It's important to remember that [Syrian president] Assad's return to the Arab League is a symbolic measure to begin the process of ending his regional isolation.
The U.S. and Europe have made it clear that they do not agree with Arab states normalizing with the Assad regime, but there doesn’t seem to be much they can do about it.
The UAE has, since 2021, embarked on a policy of diminishing tensions with other countries in the region, and normalizing with Assad is part of that.
If the UN fails to extend its operation [in Syria] via these [Turkish border] crossings, donor states should bypass the UN and do bilateral assistance themselves.
Whenever the American forces there [in Syria] are attacked, the question arises again: Why are they there?
The League of Arab States welcomed President Bashar al-Assad to its May summit, reinstating Syria’s membership, which it had suspended in 2011. The regime may look to have shrugged off the international opprobrium it earned for its brutality in repressing its opponents. But has it?
The rebels who control north-western Syria are dealing harshly with ISIS cells but have not yet crushed them entirely. The best way to stop jihadists from rebounding is to consolidate the area’s ceasefire. Outside powers can also help by sending more humanitarian aid.
Its self-declared caliphate is gone, but ISIS continues to stage attacks and intimidate the public in much of its former domain. The forces fighting the group need to hinder the militants’ movement between Syria’s regions – and, above all, to avoid debilitating conflicts with one another.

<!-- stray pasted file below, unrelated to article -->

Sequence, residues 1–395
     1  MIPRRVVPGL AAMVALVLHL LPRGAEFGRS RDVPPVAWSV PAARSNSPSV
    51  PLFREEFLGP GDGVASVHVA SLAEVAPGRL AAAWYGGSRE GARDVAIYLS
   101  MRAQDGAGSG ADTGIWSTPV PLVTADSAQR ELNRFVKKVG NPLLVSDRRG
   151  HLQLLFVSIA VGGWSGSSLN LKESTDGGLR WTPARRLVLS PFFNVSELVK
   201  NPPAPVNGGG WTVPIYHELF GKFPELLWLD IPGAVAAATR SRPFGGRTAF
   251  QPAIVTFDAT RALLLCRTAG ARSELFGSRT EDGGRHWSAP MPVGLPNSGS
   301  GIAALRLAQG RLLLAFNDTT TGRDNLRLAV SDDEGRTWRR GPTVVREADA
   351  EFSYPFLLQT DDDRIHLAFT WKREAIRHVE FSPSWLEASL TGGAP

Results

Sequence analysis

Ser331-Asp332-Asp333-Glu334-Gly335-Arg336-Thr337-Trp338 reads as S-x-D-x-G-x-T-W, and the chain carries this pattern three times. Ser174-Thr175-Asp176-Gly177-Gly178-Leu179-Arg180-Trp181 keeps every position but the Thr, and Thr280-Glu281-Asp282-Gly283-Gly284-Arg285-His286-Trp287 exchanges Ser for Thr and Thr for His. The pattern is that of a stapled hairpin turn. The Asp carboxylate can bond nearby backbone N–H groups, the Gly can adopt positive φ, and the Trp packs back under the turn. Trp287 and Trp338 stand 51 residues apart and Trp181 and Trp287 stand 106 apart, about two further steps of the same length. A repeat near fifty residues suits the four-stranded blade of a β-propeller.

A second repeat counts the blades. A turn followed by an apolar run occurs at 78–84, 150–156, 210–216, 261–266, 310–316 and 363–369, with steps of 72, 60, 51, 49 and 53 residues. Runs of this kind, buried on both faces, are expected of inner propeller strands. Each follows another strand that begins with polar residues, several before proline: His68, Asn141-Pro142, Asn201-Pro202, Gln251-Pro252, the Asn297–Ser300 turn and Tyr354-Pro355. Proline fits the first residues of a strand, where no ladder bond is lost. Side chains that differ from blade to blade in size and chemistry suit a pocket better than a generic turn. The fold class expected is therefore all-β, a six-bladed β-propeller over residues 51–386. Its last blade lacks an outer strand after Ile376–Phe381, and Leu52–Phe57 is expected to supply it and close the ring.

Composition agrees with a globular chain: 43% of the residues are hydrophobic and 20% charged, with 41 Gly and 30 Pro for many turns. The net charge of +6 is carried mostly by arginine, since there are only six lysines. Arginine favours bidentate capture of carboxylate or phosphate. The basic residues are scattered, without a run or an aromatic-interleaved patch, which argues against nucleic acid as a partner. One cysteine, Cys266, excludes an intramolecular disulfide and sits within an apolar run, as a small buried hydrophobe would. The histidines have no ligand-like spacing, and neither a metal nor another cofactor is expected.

To prevent ISIS from resurging, forces fighting the group should stop it from moving across regions and avoid conflict with one another. This timeline catalogues some of the major ISIS attacks and counter-ISIS operations from 2017 to February 2022.
The UN Security Council is considering renewing an understanding whereby UN agencies transport aid to Idlib, an area held by Syrian rebels. In this Q&A, Crisis Group experts Richard Gowan, Dareen Khalifa and Ashish Pradhan explain why the arrangement remains essential.
This week on Hold Your Fire! Richard Atwood talks to experts Dareen Khalifa and Jerome Drevon about ISIS in Syria after the death of its leader Abdullah Qardash, the precarious calm that prevails across the country and the evolution of al-Qaeda’s former affiliate in the north west, Hayat Tahrir al-Sham.
Aleppo was devastated by bombing and shelling during the Syrian war. It remains unsafe, with residents subject to shakedowns by the regime’s security forces and various militias. Damascus and its outside backers should curb this predation as a crucial first step toward the city’s recovery.
Turkey is increasingly relying on airpower in its fight against the PKK. New parties have been drawn into the conflict as it spreads to new theatres in Iraq and Syria, which, for now at least, complicates potential efforts to settle things down.